Goddess Kali, also known as the ‘Dark Mother,’ is an incarnation of Parvati, the wife of the Hindu god Shiva. She is the goddess of death, time, and doomsday, invoked to slay demons in society. In Hinduism, all goddesses are ultimately one, and Kali takes different forms to help mortals comprehend her multiple possibilities. Among these, Kali is one of the most powerful.

In Sanskrit, Kali means ‘she who is black’ or ‘she who is death.’ Her dark complexion symbolizes eternal darkness, with the potential to both destroy and create. It highlights her comprehensive nature: just as all colors disappear in black, so do all names and forms in her. Often associated with sexuality and violence, Kali is also considered a strong motherly figure, embodying feminine energy, creativity, and fertility. Full-breasted, she nurtures endlessly. Her primordial nudity depicts freedom from illusion, representing total illumination.

In art, Kali is often portrayed with a blue/black complexion, naked and wearing a gilded crown. Like many Hindu deities, she is multi-armed (four or more). Her fearful symmetry as the slayer of demons shows her in a dance of death, holding a severed head. Decked in a garland of decapitated heads that signify karma, her white teeth symbolize purity, and her red lolling tongue symbolizes the consumption of evil or good. Her blood-dripping sword symbolizes knowledge that cuts through ignorance and destroys false consciousness, represented by the severed head. Kali is believed to dwell in the cremation ground, where the human cycle ends, and anger, ego, lust, attachments, and many other feelings dissolve.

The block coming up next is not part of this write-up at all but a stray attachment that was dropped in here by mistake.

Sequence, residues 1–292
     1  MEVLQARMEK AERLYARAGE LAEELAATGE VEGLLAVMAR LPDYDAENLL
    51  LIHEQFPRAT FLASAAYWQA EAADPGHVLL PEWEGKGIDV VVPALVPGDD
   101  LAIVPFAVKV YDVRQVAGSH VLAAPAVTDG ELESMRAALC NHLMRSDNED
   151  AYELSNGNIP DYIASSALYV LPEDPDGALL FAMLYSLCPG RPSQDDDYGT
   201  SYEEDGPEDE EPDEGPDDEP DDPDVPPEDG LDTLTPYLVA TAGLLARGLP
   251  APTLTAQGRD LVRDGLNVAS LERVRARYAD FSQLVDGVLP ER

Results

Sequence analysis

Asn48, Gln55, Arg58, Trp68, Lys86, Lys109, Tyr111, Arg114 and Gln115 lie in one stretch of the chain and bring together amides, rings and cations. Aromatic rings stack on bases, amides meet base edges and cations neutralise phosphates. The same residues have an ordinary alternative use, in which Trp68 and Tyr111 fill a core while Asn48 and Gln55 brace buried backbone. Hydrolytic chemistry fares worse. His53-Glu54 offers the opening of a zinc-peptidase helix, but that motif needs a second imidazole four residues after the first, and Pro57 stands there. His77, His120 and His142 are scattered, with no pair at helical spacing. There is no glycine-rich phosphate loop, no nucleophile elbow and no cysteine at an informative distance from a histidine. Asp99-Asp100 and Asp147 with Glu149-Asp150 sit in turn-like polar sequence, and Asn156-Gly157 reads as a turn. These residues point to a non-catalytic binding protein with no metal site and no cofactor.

Kali is particularly worshipped in eastern and southern India. Her rituals dominate Tantric iconography through symbolism, with special festivities performed in her worship on new moon nights.

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